Monday, April 5, 2021

Our Adventures Together

I have been letting Tucker into the building’s corridor outside my apartment, and he has been enjoying himself. He walks with his tail well up, curiously examining everything. But he is cautious, too. He keeps looking up at me, to make sure I am with him. And that started me thinking.

Tucker always looks up at my face. He doesn’t watch my feet moving beside him; he knows I am walking, keeping pace with him. He doesn’t care so much about that; he is looking at my face. He wants to see if I am paying attention to him. I usually am, because, by observing him, I can judge his mood, determine whether he is excited, scared, anxious, etc. I still must keep an eye on our surroundings, making sure I see doors open, people appear, making sure I hear voices behind doors warning me that someone may be coming out. But mostly, I am watching Tucker. I think he likes that.

This made me think further. I see many people walking their dogs outside. Most of the humans are piddling about with their cellular telephones as they walk. The dog is trotting along, enjoying his time in what he considers nature, seeing the sights, smelling the smells. Their people seem rarely to pay attention to them. They aren’t taking their dogs for walks, they are taking their dogs with them while they play on their phones. It strikes me as worse when the case involves children, whether walking with their parents or sitting in strollers. These are prime times for learning, for being a family, and sending someone a text about what was watched on tv the previous night often appears to take precedence.

When I walked outside with Parker, I walked with Parker. I talked to him - and he talked to me - asking him what he was sniffing, telling him where I saw people coming out of their houses, commenting on the birds we heard. When he stopped at some interesting scent, I asked him what he scented. When he was tired and lie down, I might suggest a better spot, and then sat with him.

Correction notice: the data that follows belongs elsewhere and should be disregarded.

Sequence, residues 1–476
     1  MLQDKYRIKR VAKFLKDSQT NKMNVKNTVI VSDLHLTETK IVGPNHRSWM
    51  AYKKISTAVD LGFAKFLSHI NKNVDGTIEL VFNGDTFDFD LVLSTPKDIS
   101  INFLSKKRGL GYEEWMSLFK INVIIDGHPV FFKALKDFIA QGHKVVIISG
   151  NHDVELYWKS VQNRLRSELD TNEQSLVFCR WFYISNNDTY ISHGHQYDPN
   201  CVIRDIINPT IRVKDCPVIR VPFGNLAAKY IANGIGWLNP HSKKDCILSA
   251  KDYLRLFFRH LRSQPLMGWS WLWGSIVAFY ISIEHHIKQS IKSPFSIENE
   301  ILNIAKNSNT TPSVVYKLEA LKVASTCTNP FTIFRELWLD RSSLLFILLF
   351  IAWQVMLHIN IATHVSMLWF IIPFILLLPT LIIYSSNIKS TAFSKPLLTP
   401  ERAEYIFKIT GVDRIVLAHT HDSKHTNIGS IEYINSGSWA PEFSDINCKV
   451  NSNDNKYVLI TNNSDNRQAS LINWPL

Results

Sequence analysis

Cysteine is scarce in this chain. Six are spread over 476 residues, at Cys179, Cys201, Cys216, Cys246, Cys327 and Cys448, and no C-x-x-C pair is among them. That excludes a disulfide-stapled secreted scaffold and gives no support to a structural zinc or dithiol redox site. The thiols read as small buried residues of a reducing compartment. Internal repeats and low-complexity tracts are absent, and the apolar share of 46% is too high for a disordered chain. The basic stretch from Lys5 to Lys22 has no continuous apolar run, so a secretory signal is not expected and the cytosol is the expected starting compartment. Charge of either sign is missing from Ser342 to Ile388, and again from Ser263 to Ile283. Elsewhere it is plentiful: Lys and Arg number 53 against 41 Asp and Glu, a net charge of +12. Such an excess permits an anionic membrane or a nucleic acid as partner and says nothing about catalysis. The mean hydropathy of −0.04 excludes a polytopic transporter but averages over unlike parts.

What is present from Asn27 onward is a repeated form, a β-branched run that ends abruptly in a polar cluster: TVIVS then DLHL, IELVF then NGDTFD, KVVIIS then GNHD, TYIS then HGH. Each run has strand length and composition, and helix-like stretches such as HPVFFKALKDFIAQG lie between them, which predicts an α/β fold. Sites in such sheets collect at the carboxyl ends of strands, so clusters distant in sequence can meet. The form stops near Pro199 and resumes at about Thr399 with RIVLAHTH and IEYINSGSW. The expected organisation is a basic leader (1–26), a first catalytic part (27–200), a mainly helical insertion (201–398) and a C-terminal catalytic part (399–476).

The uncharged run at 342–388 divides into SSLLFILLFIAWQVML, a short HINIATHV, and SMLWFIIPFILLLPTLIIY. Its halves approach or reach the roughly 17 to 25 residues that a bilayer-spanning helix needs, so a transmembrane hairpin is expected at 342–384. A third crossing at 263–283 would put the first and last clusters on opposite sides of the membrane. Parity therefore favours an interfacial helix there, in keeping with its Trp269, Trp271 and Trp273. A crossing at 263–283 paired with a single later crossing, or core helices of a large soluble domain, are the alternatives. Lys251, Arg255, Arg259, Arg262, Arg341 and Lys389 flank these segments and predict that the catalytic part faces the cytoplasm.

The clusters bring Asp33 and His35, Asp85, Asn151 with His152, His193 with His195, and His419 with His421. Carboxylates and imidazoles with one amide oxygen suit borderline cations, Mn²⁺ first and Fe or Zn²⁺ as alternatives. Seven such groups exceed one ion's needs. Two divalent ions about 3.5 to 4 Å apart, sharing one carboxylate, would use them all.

Taking into account distinctive conditions, I do the same with Tucker. I do it even more so with him, because he is more timid, and is assured more by my presence and words. My urging him on makes him feel bolder, and my warnings stop him. In between, we discuss what is going on in this tiny extension of his tiny world. When I walk with Tucker, I walk with Tucker.

Some day, I won’t be able to take him on these little excursions. Some day, he will be too weak, or sick, or he will have died. I don’t want such times with my cats to be remembered for my second-rate wit in a text message. These are our adventures. These are our adventures together.


  1. There are a lot of dogs in my neighborhood, so when I'm out for my morning exercise, I see a lot of them being walked. There's one guy in particular who disturbs me. When he walks his dog, he always has his face buried in his phone. The only time he acknowledges the dog's existence is when the animal tries to go in a different direction. Then, the guy just yanks at the leash without even looking at the poor dog.

    It gives me the creeps. I just hope the guy is a hired dogwalker rather than the pet's owner.

  2. Excellent post, John. You are in the Present Moment with Tucker.

    I do see a lot of (mostly mature) people walking their dogs in our area, and some are on their phones, but many others are *with* their dogs. The same can be observed with parents of human children, or simply in general human-to-human interaction. Such is the effect of our 2021 technology coupled with our un-evolved brains.

  3. I'll admit it; sometimes I see folks walking their dogs, and want to reach over, take the lead, and say, "I'll do it!" And I don't even have a dog, but I know I'd make the experience interesting for both of us. And the doggos that I see only behind fenced yards; I hope that their humans realize that walking is important, despite time spent outside.